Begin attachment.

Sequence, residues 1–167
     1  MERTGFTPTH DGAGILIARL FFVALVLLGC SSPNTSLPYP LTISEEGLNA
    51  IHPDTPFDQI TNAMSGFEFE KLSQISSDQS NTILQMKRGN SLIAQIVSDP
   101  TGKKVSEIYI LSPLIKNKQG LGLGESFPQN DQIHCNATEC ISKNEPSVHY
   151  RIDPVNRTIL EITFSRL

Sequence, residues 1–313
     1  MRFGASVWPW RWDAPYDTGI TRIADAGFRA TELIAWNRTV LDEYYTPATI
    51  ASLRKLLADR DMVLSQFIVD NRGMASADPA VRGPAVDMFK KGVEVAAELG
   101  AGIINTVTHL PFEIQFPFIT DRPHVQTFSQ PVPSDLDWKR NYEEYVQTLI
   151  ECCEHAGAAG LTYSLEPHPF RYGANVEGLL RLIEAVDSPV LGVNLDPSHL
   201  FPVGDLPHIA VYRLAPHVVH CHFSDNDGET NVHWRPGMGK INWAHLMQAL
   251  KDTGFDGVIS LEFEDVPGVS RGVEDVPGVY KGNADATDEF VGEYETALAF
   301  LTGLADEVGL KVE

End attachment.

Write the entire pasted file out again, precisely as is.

Sequence, residues 1–167
     1  MERTGFTPTH DGAGILIARL FFVALVLLGC SSPNTSLPYP LTISEEGLNA
    51  IHPDTPFDQI TNAMSGFEFE KLSQISSDQS NTILQMKRGN SLIAQIVSDP
   101  TGKKVSEIYI LSPLIKNKQG LGLGESFPQN DQIHCNATEC ISKNEPSVHY
   151  RIDPVNRTIL EITFSRL

Sequence, residues 1–313
     1  MRFGASVWPW RWDAPYDTGI TRIADAGFRA TELIAWNRTV LDEYYTPATI
    51  ASLRKLLADR DMVLSQFIVD NRGMASADPA VRGPAVDMFK KGVEVAAELG
   101  AGIINTVTHL PFEIQFPFIT DRPHVQTFSQ PVPSDLDWKR NYEEYVQTLI
   151  ECCEHAGAAG LTYSLEPHPF RYGANVEGLL RLIEAVDSPV LGVNLDPSHL
   201  FPVGDLPHIA VYRLAPHVVH CHFSDNDGET NVHWRPGMGK INWAHLMQAL
   251  KDTGFDGVIS LEFEDVPGVS RGVEDVPGVY KGNADATDEF VGEYETALAF
   301  LTGLADEVGL KVE